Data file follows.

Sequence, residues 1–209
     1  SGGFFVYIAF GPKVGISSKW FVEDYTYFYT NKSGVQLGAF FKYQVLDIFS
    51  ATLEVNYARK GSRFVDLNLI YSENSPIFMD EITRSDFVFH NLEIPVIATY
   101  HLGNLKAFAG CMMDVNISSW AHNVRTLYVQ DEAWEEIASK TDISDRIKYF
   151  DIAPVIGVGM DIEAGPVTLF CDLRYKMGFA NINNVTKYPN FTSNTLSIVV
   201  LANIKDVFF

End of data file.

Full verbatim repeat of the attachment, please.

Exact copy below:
Sequence, residues 1–209
     1  SGGFFVYIAF GPKVGISSKW FVEDYTYFYT NKSGVQLGAF FKYQVLDIFS
    51  ATLEVNYARK GSRFVDLNLI YSENSPIFMD EITRSDFVFH NLEIPVIATY
   101  HLGNLKAFAG CMMDVNISSW AHNVRTLYVQ DEAWEEIASK TDISDRIKYF
   151  DIAPVIGVGM DIEAGPVTLF CDLRYKMGFA NINNVTKYPN FTSNTLSIVV
   201  LANIKDVFF